By Main Line Health
As we continue to look toward what life with COVID-19 will look like, one thing that appears to be part of our daily lives for the foreseeable future is masking. Whether you’re at work, out for a run, or getting groceries, masks will be a must-have.
While this is a new reality for us all, many people are struggling with the idea of wearing a mask to perform daily activities and questioning whether or not it’s a necessary precaution.
“Wearing a mask is a change to daily life and that comes with some resistance,” said Dr. Lawrence J. Livornese Jr., Chairman of the Department of Medicine and infectious disease specialist at Main Line Health. “But as we continue to navigate this global public health crisis, wearing a mask is one of the best ways that we can protect each other, and help slow the spread of COVID-19 in our communities.”
Below, Dr. Livornese addresses some of the most common reasons people are reluctant to wear a mask.
Wearing a mask is uncomfortable.
Wearing a mask can be uncomfortable, but it’s no excuse not to wear one. Many aspects of health care can cause us discomfort or a temporary inconvenience (think: joint replacement, mammograms … even having blood drawn!) but it doesn’t mean we shouldn’t go through with them.
One thing that could be causing you extra discomfort is the material or fit of your mask. Look for cotton masks to allow for breathability, and make sure it fits over your nose and mouth and loops snugly behind your ears. A mask that is too big or too small may add to your discomfort.
The virus isn’t a real threat.
If you don’t know anyone who has contracted COVID-19 or you live in an area that hasn’t had a high number of cases or hospitalizations, it might seem like the virus isn’t a serious threat. But that can change quickly and, for those of us living in the northeastern region of the United States, that’s simply not the case.
“While we have continued to see the number of cases in our region trend downward, there is still a very real risk for this virus to spread,” said Dr. Livornese. “With nearly 100,00 lives claimed in the United States alone, COVID-19 remains an ongoing public health issue and needs to be treated seriously.”
I don’t have coronavirus.
Correction: You don’t think you have coronavirus. While the coronavirus can cause severe symptoms and require hospitalization, it can also take hold in ‘silent spreaders’ — people who have the coronavirus and:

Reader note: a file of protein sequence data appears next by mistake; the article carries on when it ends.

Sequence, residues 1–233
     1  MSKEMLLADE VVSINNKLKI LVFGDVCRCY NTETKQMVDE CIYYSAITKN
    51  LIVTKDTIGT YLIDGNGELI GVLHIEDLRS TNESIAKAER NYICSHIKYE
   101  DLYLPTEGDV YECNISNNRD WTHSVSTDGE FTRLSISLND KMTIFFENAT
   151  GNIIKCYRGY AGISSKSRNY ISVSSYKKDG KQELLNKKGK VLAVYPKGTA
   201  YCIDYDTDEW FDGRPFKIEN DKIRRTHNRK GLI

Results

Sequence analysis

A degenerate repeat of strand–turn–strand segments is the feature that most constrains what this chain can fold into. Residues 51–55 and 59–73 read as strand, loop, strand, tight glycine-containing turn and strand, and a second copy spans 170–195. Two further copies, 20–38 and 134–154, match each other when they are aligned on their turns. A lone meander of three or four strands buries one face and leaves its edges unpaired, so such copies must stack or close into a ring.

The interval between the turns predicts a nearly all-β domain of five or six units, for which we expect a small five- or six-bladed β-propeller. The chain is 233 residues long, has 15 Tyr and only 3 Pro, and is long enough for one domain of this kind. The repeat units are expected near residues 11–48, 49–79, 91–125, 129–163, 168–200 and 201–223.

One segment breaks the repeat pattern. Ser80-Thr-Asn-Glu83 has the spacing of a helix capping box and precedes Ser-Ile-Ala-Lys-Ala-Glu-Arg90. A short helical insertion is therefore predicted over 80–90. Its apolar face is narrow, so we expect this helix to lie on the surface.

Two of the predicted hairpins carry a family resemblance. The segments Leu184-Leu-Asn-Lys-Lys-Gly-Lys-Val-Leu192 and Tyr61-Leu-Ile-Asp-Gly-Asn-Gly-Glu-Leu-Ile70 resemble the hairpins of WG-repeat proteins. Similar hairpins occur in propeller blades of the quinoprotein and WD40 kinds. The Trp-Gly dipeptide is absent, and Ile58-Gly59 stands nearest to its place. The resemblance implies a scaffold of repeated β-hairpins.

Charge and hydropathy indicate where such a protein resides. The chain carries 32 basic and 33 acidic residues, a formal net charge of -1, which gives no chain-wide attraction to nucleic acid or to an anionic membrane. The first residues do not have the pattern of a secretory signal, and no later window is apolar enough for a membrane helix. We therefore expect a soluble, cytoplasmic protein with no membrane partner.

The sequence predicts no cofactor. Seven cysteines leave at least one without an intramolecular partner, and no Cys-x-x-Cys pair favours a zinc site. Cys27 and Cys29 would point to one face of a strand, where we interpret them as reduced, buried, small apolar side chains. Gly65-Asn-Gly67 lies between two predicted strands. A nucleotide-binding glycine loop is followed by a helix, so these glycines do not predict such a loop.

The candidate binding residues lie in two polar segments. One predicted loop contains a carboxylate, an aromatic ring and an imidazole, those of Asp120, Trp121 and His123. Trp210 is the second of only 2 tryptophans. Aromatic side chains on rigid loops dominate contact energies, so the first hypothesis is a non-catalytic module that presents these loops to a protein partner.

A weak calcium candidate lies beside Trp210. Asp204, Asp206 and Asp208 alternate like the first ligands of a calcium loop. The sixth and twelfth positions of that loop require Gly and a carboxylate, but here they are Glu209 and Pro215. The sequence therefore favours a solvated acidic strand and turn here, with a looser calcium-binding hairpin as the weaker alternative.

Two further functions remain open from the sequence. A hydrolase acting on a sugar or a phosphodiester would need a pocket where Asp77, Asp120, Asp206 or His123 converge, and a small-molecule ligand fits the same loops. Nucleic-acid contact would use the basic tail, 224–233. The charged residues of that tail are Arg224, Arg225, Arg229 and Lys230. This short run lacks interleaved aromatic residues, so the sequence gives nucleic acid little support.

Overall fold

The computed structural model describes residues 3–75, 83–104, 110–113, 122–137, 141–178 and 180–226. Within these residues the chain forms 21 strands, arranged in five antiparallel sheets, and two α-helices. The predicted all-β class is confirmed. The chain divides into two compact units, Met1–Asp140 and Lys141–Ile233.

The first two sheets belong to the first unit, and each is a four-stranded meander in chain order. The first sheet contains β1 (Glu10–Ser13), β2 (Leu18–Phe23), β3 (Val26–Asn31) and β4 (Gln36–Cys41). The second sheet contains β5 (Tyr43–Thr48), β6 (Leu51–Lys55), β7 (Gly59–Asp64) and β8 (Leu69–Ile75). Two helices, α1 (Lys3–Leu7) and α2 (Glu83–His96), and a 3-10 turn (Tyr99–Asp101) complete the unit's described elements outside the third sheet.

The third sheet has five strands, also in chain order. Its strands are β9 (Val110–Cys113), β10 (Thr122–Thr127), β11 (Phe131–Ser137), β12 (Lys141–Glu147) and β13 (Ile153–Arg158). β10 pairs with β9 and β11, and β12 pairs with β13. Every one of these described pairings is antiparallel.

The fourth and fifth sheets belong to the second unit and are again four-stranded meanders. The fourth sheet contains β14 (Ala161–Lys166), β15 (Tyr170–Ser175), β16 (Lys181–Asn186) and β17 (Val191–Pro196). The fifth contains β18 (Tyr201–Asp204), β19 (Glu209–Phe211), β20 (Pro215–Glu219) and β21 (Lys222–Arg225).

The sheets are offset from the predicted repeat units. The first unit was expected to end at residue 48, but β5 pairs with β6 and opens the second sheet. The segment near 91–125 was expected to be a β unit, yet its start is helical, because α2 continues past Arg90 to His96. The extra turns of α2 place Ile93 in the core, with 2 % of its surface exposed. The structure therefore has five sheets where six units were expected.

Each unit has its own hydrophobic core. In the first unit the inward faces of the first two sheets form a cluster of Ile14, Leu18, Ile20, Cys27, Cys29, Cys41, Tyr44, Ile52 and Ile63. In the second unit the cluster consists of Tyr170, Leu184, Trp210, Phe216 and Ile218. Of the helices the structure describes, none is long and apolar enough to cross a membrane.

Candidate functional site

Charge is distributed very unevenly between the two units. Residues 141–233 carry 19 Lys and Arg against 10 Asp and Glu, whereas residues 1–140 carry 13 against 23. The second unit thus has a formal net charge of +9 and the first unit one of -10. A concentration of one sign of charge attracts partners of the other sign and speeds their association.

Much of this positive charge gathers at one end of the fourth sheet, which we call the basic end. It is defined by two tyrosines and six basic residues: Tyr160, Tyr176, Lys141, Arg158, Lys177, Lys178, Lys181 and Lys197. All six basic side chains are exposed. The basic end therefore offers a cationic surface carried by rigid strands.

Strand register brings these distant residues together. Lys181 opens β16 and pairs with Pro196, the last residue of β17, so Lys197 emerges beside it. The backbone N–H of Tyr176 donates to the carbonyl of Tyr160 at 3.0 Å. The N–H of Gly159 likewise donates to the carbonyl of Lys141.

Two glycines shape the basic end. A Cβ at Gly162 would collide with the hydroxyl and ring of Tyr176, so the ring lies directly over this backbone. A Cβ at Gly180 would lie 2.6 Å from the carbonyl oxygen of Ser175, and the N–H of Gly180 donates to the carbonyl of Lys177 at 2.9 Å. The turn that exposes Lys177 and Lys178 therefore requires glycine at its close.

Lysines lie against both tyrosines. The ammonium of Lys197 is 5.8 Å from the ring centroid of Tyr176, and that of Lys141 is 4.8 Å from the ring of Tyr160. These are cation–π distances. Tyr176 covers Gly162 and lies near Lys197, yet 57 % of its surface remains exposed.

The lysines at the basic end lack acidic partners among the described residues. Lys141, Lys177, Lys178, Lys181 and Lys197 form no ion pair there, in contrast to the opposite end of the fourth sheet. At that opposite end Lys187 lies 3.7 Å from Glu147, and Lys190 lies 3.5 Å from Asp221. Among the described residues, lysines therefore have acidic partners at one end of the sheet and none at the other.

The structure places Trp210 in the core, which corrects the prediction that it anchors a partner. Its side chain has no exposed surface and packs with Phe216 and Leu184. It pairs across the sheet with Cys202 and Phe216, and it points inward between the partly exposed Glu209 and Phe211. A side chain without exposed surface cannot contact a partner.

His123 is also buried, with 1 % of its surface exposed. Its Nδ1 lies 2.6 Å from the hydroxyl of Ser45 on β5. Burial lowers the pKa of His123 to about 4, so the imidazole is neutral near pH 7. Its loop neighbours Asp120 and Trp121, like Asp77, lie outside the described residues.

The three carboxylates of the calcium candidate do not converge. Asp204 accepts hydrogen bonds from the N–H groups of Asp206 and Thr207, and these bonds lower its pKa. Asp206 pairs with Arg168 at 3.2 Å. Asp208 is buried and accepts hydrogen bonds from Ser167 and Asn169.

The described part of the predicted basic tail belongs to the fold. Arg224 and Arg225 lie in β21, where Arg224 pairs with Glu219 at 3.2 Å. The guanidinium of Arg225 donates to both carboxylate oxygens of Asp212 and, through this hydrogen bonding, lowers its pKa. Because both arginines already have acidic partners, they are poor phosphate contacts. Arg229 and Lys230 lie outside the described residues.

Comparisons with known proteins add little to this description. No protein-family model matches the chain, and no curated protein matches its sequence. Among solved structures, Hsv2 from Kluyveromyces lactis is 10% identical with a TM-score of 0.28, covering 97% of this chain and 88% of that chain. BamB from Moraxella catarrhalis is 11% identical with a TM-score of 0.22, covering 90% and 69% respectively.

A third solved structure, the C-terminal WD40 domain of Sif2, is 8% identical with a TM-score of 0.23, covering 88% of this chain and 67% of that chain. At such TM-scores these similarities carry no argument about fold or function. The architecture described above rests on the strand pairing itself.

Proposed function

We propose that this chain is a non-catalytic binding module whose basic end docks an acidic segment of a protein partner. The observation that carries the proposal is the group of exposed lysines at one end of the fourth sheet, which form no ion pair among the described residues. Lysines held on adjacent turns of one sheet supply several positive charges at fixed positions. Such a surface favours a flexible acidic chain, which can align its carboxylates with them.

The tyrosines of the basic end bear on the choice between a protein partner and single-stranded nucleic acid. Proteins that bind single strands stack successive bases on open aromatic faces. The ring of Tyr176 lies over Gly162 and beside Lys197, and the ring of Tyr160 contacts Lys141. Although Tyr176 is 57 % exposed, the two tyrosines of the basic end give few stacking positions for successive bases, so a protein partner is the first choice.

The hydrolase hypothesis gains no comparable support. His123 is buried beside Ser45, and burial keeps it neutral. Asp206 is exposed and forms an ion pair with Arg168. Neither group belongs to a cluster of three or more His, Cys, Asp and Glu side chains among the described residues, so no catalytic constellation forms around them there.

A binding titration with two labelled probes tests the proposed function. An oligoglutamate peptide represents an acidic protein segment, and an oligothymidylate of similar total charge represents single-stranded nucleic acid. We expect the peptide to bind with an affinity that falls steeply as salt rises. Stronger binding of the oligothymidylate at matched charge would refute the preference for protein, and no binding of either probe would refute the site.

- Do not exhibit symptoms
- Exhibit very mild symptoms
- Do not yet know it. It appears that people are most contagious in the 48 hours before they actually exhibit symptoms
While there’s no way to tell just how many ‘silent spreaders’ there are, play it safe and assume that you could still be a carrier—even if you don’t know it.
I don’t like how the mask looks.
Wearing a mask isn’t about how it looks or makes you feel; it’s about keeping each other safe! Everyone should be wearing a mask so you’re not alone in how you look, either.
I’m fine wearing a mask to the grocery store, but I can’t wear it when I’m exercising outside. It’s uncomfortable and makes it difficult to breathe.
If you choose to exercise outside around others, you still need to wear a mask. This is especially important as the weather gets warmer and trails and parks begin to see more crowds.
If you really don’t want to wear a mask, you’ll need to adjust your workout routine. Instead of heading outdoors, run on a treadmill at home or away from others. If you don’t have the option to work out inside, alter your schedule so that you’re hitting the trails at off-hours when crowds are at a minimum. Even then, you should always have your mask with you in case you do come in contact with others.
The guidance keeps changing! I can’t keep up.
COVID-19 is a new strain of the coronavirus that took hold in the United States pretty quickly. Researchers and health care providers were forced to adapt quickly, and guidance has evolved along the way as we continue to learn more about this virus. Still, the guidance about masking hasn’t changed drastically.
“Originally, universal masking was not something recommended by the Centers for Disease Control and Prevention (CDC),” said Dr. Livornese. “But as we learned more about this disease and asymptomatic carriers, the CDC updated its guidelines to recommend universal masking.”
As states and businesses start to gradually reopen in the wake of our COVID-19 surge, masking will continue to be a part of everyday life for the foreseeable future.
Learn more about Main Line Health’s COVID-19 response, including new safety measures, appointment information, and more.
Main Line Health serves patients at hospitals and health centers throughout the western suburbs of Philadelphia. To schedule an appointment with a specialist at Main Line Health, call 1-866-CALL-MLH (225-5654) or use our secure online appointment request form.
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